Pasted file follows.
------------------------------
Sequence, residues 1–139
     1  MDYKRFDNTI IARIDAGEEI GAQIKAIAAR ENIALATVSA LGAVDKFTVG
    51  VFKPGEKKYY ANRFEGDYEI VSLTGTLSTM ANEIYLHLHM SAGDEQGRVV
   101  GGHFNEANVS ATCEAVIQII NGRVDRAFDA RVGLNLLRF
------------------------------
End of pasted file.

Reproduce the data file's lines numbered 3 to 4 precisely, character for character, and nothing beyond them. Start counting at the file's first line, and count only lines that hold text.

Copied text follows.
    51  VFKPGEKKYY ANRFEGDYEI VSLTGTLSTM ANEIYLHLHM SAGDEQGRVV
   101  GGHFNEANVS ATCEAVIQII NGRVDRAFDA RVGLNLLRF